Chip supplier stocks react to HP’s earnings
HP (HPQ), the world’s second-largest PC maker, reported mixed fiscal 2019 first-quarter earnings on February 27. The stock fell more than 15% on February 28 after earnings. The stock fell, as HP’s revenue and guidance missed analyst estimates. Weak earnings sent the stocks of HP’s suppliers down. The stocks of CPU (central processing unit) suppliers Intel (INTC) and Advanced Micro Devices (AMD) fell 0.2% and 1.4% in the first half of the February 28 trading session. Memory chip suppliers Micron (MU) and Western Digital (WDC) fell 1.25% and 2.1%, respectively.
These losses bring us to the question of why suppliers reacted strongly to HP’s latest earnings.
What HP’s fiscal 2019 first-quarter earnings mean to chip stocks
HP’s fiscal 2019 first-quarter revenue rose 1.4% YoY but fell 4.5% sequentially to $14.7 billion, missing the analyst estimate of $14.88 billion. Its Personal Systems revenue rose 2% YoY as a 3% decline in desktop revenue was more than offset by 6% and 3% growth in notebook and commercial revenues.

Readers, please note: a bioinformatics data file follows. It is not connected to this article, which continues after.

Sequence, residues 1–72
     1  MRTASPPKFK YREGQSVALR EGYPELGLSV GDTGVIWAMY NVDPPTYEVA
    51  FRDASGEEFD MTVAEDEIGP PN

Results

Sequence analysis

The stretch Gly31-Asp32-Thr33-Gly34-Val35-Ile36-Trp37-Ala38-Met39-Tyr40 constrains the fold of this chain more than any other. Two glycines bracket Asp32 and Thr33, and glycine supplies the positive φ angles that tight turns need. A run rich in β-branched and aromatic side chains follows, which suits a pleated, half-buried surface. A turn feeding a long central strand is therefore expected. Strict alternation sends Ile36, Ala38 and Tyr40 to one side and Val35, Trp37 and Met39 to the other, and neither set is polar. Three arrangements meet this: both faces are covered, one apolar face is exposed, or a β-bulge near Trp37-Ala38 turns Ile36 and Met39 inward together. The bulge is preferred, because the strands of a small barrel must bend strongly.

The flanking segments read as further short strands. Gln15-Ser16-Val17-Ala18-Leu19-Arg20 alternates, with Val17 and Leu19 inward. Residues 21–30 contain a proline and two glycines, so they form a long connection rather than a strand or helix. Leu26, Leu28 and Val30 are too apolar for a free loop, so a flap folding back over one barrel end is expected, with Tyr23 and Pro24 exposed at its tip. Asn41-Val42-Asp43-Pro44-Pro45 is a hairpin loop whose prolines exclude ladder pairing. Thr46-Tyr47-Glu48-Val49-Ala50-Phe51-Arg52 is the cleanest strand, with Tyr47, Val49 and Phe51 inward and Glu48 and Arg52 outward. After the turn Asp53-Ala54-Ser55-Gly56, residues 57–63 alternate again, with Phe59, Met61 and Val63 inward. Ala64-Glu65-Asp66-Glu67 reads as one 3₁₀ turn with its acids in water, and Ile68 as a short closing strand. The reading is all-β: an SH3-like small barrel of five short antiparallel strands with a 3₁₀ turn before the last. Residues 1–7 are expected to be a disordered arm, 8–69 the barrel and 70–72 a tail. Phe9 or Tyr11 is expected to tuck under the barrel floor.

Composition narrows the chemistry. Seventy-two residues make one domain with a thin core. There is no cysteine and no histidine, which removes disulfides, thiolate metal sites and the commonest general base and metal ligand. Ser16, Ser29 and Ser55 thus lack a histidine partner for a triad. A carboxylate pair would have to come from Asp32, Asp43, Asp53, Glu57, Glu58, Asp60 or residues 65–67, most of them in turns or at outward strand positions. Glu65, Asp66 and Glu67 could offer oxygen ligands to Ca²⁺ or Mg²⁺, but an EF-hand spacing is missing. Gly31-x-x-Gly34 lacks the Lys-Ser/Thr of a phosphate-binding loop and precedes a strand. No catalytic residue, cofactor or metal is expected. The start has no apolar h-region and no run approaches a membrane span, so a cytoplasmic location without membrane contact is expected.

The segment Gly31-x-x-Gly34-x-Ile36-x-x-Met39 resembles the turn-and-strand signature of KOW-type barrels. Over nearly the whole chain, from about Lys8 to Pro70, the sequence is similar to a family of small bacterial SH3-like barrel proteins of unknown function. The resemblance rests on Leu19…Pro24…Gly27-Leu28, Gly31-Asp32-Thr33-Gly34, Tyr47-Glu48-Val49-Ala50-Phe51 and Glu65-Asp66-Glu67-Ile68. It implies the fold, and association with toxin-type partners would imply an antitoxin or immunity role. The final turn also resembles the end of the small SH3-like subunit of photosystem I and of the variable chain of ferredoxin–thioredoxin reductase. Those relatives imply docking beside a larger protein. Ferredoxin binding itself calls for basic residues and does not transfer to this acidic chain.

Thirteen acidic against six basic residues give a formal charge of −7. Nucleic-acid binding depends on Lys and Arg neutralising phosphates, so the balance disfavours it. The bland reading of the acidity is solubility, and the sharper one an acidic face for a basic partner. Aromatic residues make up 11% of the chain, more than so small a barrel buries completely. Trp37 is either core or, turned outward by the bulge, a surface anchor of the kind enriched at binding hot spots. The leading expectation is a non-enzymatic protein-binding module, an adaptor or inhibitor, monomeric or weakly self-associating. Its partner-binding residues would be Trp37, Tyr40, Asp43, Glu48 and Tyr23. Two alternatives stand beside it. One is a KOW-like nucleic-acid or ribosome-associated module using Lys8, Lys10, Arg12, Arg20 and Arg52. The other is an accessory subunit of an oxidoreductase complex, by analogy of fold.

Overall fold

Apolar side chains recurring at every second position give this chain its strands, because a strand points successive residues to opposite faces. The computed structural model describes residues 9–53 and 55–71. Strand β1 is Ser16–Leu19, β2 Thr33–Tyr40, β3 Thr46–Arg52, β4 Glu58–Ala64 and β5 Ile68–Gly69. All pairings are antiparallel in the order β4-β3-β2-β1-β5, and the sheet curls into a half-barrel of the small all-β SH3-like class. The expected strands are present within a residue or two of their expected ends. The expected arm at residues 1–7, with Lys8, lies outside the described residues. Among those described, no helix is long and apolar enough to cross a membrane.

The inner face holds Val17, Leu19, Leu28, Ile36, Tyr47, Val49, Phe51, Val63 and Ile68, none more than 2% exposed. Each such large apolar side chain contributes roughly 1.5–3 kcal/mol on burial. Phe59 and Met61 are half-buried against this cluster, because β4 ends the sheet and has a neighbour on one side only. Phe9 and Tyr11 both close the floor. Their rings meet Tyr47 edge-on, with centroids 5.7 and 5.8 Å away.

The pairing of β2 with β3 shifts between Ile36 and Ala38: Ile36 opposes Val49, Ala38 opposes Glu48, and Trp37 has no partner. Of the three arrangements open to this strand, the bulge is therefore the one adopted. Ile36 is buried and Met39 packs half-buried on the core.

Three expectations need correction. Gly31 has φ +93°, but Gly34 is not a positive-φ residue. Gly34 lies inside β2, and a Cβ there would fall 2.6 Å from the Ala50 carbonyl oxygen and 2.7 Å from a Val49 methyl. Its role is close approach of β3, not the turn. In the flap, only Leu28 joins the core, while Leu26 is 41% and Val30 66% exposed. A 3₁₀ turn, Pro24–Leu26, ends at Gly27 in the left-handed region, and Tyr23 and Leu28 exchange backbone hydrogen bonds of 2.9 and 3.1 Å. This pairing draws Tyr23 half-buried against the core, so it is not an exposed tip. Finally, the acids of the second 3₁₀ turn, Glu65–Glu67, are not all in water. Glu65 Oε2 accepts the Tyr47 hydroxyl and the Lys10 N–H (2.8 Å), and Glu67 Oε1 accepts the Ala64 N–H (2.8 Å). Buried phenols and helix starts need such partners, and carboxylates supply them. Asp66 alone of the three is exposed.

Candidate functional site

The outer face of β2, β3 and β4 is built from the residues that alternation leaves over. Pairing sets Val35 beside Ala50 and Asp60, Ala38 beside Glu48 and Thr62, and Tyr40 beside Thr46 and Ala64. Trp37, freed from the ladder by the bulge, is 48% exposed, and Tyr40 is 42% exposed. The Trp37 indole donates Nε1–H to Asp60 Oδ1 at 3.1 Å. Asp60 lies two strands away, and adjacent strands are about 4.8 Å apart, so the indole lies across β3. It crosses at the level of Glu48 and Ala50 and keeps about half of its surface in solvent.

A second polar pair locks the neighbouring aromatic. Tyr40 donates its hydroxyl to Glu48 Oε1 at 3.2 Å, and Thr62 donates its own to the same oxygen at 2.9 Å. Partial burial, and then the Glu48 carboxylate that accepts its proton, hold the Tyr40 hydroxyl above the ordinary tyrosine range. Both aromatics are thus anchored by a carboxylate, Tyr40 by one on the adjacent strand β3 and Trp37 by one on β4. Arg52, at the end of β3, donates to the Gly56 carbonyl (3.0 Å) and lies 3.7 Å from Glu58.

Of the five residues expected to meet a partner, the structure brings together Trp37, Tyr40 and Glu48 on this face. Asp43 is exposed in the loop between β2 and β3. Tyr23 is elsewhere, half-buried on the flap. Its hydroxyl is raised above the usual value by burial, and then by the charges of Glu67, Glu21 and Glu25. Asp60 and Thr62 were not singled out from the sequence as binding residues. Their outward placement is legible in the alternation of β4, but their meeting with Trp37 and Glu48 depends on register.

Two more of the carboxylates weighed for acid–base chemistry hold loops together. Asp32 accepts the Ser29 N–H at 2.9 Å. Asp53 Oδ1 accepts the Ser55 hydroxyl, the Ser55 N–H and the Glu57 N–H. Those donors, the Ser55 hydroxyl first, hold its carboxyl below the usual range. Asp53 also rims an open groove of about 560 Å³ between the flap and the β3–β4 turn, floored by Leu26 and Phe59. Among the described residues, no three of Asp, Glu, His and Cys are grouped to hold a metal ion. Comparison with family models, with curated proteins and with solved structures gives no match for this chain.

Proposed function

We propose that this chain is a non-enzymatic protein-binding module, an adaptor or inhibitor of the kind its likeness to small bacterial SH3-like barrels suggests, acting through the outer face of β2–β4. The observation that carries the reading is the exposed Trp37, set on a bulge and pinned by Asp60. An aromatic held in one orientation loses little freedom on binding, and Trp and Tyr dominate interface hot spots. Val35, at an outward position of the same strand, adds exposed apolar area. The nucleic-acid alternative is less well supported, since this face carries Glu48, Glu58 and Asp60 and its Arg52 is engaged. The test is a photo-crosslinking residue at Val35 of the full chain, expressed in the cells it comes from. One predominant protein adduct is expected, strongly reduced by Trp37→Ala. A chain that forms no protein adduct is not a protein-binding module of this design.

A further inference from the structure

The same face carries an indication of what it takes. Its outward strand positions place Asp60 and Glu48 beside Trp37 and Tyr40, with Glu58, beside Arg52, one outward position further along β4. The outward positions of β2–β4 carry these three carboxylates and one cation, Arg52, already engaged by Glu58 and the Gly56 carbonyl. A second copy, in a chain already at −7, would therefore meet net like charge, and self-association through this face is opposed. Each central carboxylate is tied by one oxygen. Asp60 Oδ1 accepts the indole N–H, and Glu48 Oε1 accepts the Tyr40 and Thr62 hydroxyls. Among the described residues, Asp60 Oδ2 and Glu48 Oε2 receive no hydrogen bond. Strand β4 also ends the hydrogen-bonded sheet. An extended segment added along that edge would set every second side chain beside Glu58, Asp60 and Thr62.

Personal Systems revenue was driven by higher ASP (average selling price) as its total units sold fell 3% YoY with notebook units falling 1% and desktop units falling 8%. HP’s declining unit sales mean lower orders for suppliers.
HP’s adjusted EPS rose 8.3% YoY to $0.52 in the first quarter of fiscal 2019, meeting analyst estimates of $0.52. However, the company expects to report EPS between $0.50 and $0.53 in the second quarter of fiscal 2019, which is weak compared to analysts’ estimate of $0.53. This weaker EPS guidance sent HPQ’s stock down in the double digits.
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